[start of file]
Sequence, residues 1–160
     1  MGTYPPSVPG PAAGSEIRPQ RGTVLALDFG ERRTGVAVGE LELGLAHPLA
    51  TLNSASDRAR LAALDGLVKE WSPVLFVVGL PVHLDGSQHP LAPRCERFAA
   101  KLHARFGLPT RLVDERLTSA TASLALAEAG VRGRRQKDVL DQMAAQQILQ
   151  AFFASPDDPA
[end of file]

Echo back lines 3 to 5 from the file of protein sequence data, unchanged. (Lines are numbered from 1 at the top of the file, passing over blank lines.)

    51  TLNSASDRAR LAALDGLVKE WSPVLFVVGL PVHLDGSQHP LAPRCERFAA
   101  KLHARFGLPT RLVDERLTSA TASLALAEAG VRGRRQKDVL DQMAAQQILQ
   151  AFFASPDDPA